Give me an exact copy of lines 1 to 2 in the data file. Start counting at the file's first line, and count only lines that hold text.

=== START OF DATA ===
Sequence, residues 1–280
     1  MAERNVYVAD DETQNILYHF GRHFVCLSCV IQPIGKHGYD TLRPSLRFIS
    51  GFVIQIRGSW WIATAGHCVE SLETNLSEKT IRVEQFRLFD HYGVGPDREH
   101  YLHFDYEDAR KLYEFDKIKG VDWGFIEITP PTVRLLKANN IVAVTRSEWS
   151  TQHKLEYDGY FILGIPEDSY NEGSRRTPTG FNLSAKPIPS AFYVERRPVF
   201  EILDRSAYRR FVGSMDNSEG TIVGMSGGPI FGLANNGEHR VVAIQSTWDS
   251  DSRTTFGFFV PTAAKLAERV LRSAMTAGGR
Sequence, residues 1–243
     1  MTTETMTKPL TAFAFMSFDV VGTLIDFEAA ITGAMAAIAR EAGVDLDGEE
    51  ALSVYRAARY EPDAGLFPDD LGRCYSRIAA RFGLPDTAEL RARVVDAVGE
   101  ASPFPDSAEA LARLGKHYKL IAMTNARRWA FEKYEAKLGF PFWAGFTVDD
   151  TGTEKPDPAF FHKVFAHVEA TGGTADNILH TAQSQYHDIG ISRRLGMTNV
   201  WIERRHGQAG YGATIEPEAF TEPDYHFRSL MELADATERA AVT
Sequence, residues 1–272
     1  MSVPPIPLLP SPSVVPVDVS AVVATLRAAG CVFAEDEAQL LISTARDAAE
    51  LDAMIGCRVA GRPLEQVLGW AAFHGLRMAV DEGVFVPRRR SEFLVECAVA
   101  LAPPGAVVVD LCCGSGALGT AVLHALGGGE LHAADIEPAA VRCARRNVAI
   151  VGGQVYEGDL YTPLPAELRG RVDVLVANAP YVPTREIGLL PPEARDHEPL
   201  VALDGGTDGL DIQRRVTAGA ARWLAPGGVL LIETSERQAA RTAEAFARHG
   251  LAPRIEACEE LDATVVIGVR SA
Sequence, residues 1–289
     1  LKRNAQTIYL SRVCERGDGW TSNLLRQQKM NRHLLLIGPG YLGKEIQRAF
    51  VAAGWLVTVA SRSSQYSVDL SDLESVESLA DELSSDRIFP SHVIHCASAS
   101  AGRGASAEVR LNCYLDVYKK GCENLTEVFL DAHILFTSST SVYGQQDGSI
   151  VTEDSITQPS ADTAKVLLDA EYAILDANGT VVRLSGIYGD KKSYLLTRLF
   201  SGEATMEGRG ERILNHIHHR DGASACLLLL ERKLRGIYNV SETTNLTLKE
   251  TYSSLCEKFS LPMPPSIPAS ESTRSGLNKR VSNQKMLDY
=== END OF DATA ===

Sequence, residues 1–280
     1  MAERNVYVAD DETQNILYHF GRHFVCLSCV IQPIGKHGYD TLRPSLRFIS